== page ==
I first saw Rosie & the Riveters at the Winnipeg Folk Festival this summer. They looked interesting in the WFF schedule book. Their live show was quite entertaining. They even threw in a commercial.
Now I’m not a huge fan of commercials (they are one reason why I’ve avoided TV for the last 20- something years). Okay I admit that I have gone to the WAG’s Cannes World’s Greatest Commercials here and there. And I’m sorry to you folks who think that without commercials the stations wouldn’t be able to give us ‘quality’ programming. I think that’s a bunch of crap. Oops, a bit of a rant there, sorry.
Where was I, oh yeah, Rosie and the Riveters. They had a commercial break at the WFF and they also had one at the Park Theatre last night. They were promoting their products (actually merchandise is a better word I think).
Among the merch they had were home-made soaps, salves, CD’s, stickers & knickers. As Allyson said, “Maybe we made you laugh so much tonight that you need a new pair (of knickers).” They also had cooking aprons so that, “Even if you don’t know how to cook, you’ll look like you do.”
These Saskatoon ladies are very entertaining and very talented as well. Their four part harmonies are quite pleasing and each one of them has quite the range. They started as a gospel group about five years ago.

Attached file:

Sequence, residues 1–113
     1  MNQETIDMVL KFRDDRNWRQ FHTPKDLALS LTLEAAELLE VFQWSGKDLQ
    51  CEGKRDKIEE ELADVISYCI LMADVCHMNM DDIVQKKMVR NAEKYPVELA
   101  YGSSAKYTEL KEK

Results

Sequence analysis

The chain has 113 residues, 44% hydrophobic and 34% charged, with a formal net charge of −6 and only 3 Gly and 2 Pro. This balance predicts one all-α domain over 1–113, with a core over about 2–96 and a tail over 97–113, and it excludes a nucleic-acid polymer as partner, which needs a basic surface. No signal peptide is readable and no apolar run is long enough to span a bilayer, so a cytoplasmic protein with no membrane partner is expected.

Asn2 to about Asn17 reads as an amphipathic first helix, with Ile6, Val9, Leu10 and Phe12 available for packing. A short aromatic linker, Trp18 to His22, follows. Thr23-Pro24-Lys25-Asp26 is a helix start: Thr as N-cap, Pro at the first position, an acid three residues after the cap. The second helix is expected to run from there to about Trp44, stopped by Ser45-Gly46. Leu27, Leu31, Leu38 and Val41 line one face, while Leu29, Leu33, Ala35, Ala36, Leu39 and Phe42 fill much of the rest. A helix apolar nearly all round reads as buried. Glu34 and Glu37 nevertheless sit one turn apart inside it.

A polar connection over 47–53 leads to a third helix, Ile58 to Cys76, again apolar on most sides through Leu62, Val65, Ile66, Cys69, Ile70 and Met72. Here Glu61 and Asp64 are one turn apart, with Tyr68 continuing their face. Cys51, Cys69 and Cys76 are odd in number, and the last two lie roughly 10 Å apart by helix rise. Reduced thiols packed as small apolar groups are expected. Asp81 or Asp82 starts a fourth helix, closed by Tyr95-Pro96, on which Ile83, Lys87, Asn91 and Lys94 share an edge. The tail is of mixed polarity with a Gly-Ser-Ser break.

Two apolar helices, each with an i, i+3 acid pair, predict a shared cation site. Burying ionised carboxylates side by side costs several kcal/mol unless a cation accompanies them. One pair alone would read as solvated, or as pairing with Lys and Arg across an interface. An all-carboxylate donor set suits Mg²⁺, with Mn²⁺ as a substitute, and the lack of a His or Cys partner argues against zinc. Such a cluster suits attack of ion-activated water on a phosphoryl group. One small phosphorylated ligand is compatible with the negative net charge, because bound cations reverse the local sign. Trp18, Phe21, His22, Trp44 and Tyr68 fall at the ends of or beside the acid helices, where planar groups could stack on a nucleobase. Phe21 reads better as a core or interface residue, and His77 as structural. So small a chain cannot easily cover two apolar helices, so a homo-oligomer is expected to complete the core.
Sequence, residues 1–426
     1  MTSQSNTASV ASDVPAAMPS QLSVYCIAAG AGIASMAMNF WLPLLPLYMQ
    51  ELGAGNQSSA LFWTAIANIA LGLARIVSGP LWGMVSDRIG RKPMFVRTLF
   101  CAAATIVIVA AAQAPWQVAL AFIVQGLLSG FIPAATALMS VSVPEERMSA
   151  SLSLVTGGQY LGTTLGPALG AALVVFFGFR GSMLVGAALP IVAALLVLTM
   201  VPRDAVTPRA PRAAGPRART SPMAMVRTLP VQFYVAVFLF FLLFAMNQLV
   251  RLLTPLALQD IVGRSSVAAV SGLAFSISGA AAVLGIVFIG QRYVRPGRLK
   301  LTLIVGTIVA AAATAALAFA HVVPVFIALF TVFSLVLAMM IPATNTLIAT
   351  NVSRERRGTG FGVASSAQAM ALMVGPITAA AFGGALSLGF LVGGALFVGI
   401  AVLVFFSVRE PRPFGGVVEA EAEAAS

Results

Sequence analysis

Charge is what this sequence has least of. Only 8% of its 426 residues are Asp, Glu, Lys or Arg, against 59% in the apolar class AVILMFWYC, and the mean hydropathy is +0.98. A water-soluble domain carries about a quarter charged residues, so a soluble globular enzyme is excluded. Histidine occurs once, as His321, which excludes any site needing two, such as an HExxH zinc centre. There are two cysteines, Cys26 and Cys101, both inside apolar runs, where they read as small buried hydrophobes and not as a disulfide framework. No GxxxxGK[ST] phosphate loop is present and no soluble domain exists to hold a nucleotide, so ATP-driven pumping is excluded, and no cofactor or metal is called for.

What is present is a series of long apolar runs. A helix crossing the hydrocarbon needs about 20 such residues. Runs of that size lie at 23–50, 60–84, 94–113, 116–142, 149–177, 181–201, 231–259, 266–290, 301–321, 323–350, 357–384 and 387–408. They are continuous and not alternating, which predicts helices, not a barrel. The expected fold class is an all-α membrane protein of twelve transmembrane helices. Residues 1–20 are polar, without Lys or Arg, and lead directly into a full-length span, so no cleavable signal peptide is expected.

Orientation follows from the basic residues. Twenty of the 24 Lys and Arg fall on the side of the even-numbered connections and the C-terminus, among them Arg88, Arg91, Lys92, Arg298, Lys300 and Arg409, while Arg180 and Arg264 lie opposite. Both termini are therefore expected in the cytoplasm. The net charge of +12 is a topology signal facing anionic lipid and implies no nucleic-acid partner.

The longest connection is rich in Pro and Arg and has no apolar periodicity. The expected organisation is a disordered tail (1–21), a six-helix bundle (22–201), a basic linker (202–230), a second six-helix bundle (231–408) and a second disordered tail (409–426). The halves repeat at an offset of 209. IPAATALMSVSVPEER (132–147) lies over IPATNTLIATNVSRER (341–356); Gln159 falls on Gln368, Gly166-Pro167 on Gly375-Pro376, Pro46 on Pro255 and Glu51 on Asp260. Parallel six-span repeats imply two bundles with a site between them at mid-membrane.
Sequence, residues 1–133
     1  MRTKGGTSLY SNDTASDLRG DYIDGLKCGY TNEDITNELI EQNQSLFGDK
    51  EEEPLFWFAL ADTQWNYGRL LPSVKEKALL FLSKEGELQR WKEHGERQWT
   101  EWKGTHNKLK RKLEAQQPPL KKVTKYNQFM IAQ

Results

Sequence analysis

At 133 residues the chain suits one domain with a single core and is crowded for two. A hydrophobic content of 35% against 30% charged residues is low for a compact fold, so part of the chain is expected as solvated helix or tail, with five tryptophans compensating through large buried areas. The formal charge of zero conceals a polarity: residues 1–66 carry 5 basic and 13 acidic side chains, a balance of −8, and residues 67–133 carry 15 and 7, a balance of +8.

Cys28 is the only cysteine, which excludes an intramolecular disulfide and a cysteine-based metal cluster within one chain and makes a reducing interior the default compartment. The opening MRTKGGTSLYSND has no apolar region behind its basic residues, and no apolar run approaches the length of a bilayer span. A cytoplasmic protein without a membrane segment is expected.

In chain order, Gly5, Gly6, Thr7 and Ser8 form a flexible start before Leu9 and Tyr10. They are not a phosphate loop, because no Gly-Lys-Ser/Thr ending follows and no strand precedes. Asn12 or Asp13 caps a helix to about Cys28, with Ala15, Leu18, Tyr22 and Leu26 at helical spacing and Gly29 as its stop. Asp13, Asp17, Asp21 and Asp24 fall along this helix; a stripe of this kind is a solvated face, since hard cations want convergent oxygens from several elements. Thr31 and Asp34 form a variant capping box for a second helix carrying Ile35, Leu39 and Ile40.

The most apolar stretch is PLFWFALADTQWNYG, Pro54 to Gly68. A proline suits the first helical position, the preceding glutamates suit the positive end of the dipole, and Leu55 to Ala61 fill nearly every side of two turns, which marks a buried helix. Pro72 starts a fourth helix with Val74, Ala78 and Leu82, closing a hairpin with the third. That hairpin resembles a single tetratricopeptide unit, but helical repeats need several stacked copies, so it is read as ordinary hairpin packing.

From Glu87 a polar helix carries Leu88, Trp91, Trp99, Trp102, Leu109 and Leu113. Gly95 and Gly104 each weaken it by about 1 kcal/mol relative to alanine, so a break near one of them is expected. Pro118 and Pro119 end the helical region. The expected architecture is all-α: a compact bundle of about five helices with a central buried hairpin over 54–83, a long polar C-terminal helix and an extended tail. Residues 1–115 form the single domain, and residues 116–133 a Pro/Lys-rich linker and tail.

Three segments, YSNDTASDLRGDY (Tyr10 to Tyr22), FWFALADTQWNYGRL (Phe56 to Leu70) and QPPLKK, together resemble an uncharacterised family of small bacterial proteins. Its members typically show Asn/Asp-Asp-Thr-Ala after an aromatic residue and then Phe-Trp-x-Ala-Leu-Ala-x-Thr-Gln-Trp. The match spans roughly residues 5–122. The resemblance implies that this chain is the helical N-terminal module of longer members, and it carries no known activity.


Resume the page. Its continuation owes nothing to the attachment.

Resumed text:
I spoke with their agent, Adele Boychuck of Pussy Willow Music, who first saw them performing in a church. She had actually managed Farideh Olsen’s father Byron years earlier when he was in the Crooked Creek Band.
The instrumentation at a Rosie show is sparse. More than half of the songs had acoustic guitar played mostly by Alexis Normand with a few by Farideh. A couple kazoos popped out in the middle of the song “Well Well Well” for a ‘trumpet battle’ between Farideh and Alexis.
A lot of the sounds they used were done with their voices. They kind of reminded me of the Mills Brothers who made brass sounds with their voices.
Alexis played a mean throat bugle during the World War II hit “Boogie Woogie Bugle Boy of Company B”. Leon Redbone has done similar things. He is known for his ‘Thrombone’ where he makes sounds like a trombone with his throat.
These lovely ladies sure know how to have fun and the audience was having fun as well. We clapped along to a few of the songs. They also added some percussion in the form of foot stomping on a few songs. Especially effective in the song “Travelling Shoes”.
The band taught us a few sitting dance moves before they launched into Johnny Cash’s “God’s Gonna Cut You Down” which they did in the style of a rap song. They were accompanied by beats from a cell phone which didn’t quite stop in time at the end.
After the song Grandma’s Hands, Farideh shared a story about her Grandmother, who at 80 took up creative writing. When Farideh’s mother asked her what it’s like she replied, “It’s not like making love but it’s alright.”
During the song “Ain’t Gonna Bother” they broke a string. They said that that was the first time they’ve ever broken a string. “A real rock’n’roll moment.”